Dazed and disbelieving.
That’s the way farmers and stocksmen look early this morning at the Royal Highland Showground as they absorb the news that Britain is leaving the EU.
In the midst of feeding sheep, exercising horses or giving cattle the first grooming of the day they stopped in their tracks when I broke the news.
“We’re out? Seriously?” was their reaction.
Many of us might have been glued to our radios or laptops all night but for many people here the referendum was a marginal event far from the bubble of livestock and competition that is the Highland Show.
But for an industry that receives more than 70% of its income from Europe’s Common Agriculture Policy the impact of walking away can’t be overestimated.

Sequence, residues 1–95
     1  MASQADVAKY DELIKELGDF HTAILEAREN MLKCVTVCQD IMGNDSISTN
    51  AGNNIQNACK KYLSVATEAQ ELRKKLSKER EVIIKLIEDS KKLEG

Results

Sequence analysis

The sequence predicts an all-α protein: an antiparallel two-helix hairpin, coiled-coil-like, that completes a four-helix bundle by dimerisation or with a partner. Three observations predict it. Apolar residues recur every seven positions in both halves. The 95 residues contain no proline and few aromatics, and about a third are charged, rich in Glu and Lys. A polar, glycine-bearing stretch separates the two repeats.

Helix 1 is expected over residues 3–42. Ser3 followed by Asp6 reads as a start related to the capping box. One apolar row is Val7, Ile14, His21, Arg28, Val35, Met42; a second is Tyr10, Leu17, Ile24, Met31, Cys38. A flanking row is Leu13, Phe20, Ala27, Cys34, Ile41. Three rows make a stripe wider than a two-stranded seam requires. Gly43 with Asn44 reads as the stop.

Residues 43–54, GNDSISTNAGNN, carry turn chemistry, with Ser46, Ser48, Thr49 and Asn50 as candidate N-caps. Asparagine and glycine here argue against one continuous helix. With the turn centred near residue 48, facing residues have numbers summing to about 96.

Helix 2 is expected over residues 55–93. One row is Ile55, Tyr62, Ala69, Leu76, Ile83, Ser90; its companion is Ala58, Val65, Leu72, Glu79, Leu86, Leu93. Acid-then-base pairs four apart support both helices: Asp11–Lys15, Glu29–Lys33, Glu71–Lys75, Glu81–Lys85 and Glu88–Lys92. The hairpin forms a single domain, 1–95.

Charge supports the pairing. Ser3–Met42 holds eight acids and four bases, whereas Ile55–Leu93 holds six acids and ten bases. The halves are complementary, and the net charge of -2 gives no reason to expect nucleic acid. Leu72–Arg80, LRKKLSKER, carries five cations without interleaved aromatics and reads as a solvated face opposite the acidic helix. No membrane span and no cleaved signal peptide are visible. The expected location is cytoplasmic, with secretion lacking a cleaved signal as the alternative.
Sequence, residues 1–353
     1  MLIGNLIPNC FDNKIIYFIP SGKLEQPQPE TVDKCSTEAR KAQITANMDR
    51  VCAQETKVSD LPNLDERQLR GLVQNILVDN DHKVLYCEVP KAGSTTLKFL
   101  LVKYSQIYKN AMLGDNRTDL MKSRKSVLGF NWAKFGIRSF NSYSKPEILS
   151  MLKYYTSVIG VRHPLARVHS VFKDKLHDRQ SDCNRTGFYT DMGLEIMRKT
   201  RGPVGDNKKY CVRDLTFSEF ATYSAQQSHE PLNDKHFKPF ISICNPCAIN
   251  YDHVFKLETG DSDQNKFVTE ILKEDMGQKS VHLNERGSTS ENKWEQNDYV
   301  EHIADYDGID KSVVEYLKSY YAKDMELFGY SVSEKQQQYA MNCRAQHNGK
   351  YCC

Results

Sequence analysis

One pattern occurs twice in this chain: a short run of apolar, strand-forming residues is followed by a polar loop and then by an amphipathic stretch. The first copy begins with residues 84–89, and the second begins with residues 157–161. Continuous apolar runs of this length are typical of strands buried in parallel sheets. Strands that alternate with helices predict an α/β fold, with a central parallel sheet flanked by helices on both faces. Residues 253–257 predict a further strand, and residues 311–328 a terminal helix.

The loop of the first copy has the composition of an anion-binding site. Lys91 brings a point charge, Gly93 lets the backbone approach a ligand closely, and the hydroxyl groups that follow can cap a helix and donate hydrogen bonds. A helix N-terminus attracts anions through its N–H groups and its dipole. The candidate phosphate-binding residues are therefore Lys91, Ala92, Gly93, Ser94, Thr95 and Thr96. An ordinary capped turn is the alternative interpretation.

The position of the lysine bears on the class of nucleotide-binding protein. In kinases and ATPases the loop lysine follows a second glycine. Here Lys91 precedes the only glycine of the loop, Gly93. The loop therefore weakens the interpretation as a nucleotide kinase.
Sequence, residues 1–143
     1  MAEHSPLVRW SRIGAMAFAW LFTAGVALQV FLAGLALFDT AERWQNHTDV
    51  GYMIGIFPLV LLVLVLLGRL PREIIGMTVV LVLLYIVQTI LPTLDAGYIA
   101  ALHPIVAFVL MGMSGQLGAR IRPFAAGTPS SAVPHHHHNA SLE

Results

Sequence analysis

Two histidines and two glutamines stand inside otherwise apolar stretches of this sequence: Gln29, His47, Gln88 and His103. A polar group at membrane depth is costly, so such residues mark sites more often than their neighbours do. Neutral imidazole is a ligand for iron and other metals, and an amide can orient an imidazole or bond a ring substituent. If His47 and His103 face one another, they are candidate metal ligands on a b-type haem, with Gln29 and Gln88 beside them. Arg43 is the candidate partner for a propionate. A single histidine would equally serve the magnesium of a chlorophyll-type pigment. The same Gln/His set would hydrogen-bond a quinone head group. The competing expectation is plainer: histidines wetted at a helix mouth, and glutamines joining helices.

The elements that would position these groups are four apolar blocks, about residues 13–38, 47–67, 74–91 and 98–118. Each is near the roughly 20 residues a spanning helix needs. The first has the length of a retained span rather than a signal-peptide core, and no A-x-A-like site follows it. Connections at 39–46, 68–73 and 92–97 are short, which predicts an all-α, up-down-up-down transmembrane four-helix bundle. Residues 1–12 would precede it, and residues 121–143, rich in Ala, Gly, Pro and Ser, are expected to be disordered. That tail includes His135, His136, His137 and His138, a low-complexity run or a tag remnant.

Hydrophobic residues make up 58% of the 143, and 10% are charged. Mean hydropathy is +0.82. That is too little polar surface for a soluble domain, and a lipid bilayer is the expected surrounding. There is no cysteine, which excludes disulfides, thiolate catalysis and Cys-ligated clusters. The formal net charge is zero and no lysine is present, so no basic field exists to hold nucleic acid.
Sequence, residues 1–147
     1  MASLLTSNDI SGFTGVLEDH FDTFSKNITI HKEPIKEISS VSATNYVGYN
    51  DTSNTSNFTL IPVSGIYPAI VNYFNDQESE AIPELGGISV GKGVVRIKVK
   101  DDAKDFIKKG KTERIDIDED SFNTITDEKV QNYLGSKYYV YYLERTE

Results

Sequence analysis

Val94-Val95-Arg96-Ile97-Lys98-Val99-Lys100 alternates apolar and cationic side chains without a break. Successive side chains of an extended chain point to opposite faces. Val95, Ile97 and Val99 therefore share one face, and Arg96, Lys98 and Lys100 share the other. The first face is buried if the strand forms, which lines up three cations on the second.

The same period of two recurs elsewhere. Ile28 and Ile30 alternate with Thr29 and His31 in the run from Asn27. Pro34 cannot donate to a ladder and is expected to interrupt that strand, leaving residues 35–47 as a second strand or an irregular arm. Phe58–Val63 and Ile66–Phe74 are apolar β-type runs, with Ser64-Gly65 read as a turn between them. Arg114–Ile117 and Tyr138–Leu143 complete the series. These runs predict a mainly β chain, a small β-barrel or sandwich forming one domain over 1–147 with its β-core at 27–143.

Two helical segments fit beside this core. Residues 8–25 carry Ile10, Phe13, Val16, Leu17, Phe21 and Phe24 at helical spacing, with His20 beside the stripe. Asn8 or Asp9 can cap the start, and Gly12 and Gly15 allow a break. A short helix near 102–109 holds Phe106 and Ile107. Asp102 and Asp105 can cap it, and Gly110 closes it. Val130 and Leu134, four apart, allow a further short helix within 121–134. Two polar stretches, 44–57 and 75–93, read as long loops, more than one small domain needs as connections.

It’s certainly not what the farmer’s union wanted. Throughout the debate leaders questioned the UK Government’s commitment to supporting farmers to the level sustained by Europe.
And now, for the first time in 40 years, a British Agriculture Policy will need to be negotiated. A huge job awaits the industry’s politicians.